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I'm taking my first analysis class this summer. The professor asked us to prove that $a^{2n}-b^{2n}$ is divisible by $a+b$. After dorking around with the first couple of $n$ I was able to come up with a general term for the factorization of $a^{2n}-b^{2n}$. What I got was:

$$ a^{2n}-b^{2n}=(a+b)\sum_{k=0}^{2n-1}(-1)^ka^{2n-1-k}b^k$$ I proceeded with the proof as follows:

$$ \implies \sum_0^{2n-1}(-1)^ka^{2n-k}b^k+\sum_0^{2n-1}(-1)^ka^{2n-1-k}b^{k+1} $$

$$ =a^{2n}+\sum_1^{2n-1}(-1)^ka^{2n-k}b^k+\sum_0^{2n-2}(-1)^ka^{2n-1-k}b^{k+1}-b^{2n} $$

Now shifting indicies on the second sum, and rearranging:

$$ \implies a^{2n}-b^{2n}+\sum_1^{2n-1}(-1)^ka^{2n-k}b^k+\sum_1^{2n-1}(-1)^{k-1}a^{2n-k}b^{k}$$

Then pulling out a $-1$ from the second sum we see that the two sums kill each other and we are left with $a^{2n}-b^{2n}$. It seemed like a reasonable proof to me but is lacking rigor apparently because I did not show that it holds for $n+1$. However, showing the proof for an arbitrary $n$ seemed good enough to me as we can pick any $n$ and know that there is divisibility. What am I missing? Why is showing a proof for an arbitrary $n$ not good enough? Is induction the only way to prove this?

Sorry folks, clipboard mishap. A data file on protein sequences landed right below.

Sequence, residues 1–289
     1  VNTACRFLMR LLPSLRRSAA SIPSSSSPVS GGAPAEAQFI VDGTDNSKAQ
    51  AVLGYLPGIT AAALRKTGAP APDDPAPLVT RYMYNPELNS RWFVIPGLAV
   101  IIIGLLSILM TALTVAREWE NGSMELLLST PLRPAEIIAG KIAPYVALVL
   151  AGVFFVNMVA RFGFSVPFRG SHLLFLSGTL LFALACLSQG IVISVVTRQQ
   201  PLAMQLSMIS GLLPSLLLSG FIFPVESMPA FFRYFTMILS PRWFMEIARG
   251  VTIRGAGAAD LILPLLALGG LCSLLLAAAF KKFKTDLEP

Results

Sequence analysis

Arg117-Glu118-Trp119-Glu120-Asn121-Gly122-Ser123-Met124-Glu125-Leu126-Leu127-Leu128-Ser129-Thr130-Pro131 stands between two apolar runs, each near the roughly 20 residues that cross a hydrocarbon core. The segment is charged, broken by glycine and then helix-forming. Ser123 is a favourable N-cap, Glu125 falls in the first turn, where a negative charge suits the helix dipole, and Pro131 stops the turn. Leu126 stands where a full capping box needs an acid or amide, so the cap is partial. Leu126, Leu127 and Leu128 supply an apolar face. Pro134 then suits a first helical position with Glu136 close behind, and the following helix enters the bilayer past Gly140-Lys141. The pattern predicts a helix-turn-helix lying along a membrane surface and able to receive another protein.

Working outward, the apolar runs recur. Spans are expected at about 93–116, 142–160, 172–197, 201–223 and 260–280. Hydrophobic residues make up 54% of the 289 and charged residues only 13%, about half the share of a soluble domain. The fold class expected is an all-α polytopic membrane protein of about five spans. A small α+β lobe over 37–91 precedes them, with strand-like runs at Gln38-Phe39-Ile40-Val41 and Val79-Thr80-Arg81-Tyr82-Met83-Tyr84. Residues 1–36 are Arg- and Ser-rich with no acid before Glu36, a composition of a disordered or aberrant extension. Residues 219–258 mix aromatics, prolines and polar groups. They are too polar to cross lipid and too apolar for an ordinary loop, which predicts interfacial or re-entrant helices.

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  • $\begingroup$ Looks reasonable to me. $\endgroup$ – rogerl Jun 10 '14 at 0:42
  • $\begingroup$ Why do you think so? Because of the reason I stated? @rogerl $\endgroup$ – ClassicStyle Jun 10 '14 at 1:04
  • $\begingroup$ For your argument to be completely rigorous, one must already have a rigorous definition of the summation operator. It can be defined by recursion. $\endgroup$ – Bill Dubuque Jun 10 '14 at 3:22
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Alternatively, try this simpler proof:

The polynomial reminder theorem states that $(x-c)$ is a divisor of a polynomial $f(x)$ if and only if $f(a)=0$. Let $x=a$, $f(a)=a^{2n}-b^{2n}$ and $c=-b$. Therefore $(a+b)$ is a divisor of $f(a)$ if and only if $f(-b)=0$. $f(-b)=(-b)^{2n}-b^{2n}=0$. So therefore $(a+b)$ divides $a^{2n}-b^{2n}$.

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